Much like his predecessor, Bethea leaves a lot to be desired in pass coverage. Looking at last year, everyone will say this where the Niners will see a downgrade, as Whitner graded out pretty well in pass coverage. They are forgetting that his previous two seasons Whitner was abysmal in pass coverage, which makes you think that last year’s increase was just a fluke.

In fact, Bethea has been the steadier hand on the back end of a defense for most of their careers. Bethea has 14 interceptions and 49 pass deflections in his career, while Whitner has 10 interceptions and 49 pass deflections. Whitner has 30 pass deflections in his last three years, while only recording 19 in his previous five seasons. You could make the logical assertion that being in the Niners’ defense has benefited Whitner greatly, as he is asked to fit into a system of great players. You could seem similar type of increase with Bethea, maybe not so extreme at his age, but being with a more talented supporting cast should increase his productivity.

The major difference the two is the contract situation. Whitner signed a four-year, $28 million contract with $11 million in guaranteed money compared to the four-year, $22 million contract with $6.25 million in guarantees. The Niners have more pressing financial issues coming up in the next couple of seasons and the financial flexibility provided by Bethea’s deal allows the team to invest in young talent. They can also get out of the deal with minimum financial penalties after just two years of the contract.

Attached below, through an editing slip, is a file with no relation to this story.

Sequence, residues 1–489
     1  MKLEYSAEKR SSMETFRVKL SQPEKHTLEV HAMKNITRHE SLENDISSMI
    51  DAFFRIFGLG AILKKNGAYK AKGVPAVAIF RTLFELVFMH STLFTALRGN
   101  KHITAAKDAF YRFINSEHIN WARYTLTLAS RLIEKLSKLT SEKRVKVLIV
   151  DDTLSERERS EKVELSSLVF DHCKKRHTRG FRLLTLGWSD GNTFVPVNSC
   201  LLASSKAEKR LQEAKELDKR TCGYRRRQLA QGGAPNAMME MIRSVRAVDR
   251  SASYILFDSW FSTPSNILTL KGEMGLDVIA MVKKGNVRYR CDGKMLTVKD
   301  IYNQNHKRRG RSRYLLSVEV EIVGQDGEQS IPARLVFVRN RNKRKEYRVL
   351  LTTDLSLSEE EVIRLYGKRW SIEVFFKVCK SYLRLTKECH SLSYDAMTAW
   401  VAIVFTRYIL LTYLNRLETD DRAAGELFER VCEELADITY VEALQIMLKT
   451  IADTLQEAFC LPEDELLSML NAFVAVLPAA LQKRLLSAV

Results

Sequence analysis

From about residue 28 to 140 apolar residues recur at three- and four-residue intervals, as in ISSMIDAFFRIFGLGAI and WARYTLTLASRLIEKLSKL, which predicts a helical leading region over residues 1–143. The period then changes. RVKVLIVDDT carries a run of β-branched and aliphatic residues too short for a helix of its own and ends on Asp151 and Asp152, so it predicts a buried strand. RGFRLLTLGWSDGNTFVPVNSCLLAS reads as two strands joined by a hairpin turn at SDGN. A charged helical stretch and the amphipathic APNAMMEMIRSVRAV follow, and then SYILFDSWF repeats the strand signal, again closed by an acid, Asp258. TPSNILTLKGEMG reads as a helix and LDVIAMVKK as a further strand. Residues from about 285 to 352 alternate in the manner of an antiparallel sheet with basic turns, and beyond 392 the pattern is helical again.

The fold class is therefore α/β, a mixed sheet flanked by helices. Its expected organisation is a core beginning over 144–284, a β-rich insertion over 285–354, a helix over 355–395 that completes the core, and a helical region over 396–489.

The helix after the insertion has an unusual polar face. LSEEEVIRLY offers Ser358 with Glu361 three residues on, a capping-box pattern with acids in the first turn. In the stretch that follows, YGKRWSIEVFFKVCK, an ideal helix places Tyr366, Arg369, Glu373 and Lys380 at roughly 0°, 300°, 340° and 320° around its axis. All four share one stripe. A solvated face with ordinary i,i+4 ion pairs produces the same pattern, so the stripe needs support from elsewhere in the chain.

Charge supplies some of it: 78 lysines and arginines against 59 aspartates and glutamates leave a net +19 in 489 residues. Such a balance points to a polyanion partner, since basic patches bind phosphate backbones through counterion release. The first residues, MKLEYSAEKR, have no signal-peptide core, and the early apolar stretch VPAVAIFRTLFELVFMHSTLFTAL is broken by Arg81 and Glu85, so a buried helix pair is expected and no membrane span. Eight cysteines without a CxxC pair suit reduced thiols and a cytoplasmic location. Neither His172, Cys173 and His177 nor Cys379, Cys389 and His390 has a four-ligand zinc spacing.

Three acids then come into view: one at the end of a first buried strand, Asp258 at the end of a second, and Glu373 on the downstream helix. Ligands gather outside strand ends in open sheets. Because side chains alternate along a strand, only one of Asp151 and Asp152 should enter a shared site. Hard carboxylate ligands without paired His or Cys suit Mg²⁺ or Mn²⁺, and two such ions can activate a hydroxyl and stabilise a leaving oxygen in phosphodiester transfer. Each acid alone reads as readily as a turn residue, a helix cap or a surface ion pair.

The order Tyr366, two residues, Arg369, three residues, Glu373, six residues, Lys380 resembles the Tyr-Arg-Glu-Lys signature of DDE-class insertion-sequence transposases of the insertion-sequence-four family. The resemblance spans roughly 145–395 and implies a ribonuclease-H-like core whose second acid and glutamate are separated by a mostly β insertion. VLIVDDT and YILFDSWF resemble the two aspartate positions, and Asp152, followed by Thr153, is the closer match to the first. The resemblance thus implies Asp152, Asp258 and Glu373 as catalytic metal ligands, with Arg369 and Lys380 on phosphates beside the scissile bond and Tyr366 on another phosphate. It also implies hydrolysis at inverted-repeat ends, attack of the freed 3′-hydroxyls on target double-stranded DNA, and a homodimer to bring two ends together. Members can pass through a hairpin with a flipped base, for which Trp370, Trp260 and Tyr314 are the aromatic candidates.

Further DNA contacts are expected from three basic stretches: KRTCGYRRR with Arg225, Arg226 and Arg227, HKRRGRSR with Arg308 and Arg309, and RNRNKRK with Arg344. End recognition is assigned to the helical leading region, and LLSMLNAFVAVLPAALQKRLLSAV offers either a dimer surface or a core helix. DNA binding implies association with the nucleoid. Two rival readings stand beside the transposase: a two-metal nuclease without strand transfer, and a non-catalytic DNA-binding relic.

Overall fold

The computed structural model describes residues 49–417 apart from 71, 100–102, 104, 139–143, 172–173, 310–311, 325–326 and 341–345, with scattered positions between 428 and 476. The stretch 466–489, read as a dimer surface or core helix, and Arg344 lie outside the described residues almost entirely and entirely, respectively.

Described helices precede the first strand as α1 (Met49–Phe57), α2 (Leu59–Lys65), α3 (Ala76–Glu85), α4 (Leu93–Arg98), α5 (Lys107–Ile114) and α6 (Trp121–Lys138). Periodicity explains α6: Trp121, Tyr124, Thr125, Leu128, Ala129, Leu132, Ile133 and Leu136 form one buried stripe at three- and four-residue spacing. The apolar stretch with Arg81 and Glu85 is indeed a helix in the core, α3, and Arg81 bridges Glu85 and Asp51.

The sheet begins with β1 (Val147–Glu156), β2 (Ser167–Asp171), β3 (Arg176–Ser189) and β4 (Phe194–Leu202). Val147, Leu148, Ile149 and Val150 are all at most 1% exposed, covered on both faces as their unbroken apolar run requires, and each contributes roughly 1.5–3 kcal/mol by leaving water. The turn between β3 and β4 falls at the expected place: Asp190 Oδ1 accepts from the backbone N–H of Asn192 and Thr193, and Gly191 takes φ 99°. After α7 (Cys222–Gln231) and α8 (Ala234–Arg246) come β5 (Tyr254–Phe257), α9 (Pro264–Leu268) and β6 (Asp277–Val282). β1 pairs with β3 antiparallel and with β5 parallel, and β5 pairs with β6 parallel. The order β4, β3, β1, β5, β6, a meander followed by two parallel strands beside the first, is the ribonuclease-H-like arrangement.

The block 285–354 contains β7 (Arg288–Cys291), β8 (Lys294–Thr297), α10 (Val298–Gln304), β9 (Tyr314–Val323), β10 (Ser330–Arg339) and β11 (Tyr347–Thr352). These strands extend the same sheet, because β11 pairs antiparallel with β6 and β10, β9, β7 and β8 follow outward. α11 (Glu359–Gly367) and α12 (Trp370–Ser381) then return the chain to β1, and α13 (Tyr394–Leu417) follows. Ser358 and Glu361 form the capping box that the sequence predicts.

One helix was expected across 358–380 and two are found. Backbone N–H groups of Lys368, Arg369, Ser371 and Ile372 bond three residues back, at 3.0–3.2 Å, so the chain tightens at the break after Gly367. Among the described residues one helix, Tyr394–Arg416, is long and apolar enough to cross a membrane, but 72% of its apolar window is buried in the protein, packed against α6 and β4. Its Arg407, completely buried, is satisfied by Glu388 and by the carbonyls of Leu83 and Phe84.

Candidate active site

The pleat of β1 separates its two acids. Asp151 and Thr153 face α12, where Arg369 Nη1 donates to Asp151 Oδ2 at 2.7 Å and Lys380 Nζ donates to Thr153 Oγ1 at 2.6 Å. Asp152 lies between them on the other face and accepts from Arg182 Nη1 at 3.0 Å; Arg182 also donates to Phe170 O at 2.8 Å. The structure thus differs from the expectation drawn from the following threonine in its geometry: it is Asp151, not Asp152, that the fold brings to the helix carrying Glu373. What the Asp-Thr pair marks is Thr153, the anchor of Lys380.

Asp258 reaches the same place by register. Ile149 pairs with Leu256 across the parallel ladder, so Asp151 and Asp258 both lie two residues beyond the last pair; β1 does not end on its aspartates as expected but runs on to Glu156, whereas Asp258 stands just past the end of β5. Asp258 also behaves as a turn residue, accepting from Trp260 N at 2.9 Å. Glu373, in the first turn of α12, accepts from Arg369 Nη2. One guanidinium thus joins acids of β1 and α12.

Overall, the Niners are better served by bringing in Bethea, instead of over spending for Whitner. Both players are extremely similar in their physical skills and NFL production. Replacing Whitner with Bethea should have a negligible effect on the defense and they should not see a major drop in productivity.

The one aspect that pushes this in favor for Bethea is the contract, as it carries less guaranteed money and less money overall. It also does not prevent them from looking for an eventually replacement in the next couple of offseasons. Bethea is a better fit for the Niners with their current situation.

Tags: Antoine Bethea Donte Whitner Featured Popular San Francisco 49ers

  • loverpoint

    There are 3 reasons why he is an upgrade:
    1- Fresh insight (diversity) and tutoring for Reid
    2- He’s a better pass defender
    3- He doesn’t carry the baggage of Whitner aka Hitner. When Whitner mocked Goodell and the referees for making terrible calls and said he would change his name, they retaliated by making more terrible calls and so he became a liability just like Goldson. NFL rules are changing . Whitner is a dinosaur .

  • loverpoint

    Whitner a good pass defender ? You have to be kidding.

    • Travis Crouch

      Plus his hard hits did not always mean he tackled him he does not wrap up he’s not a great tackler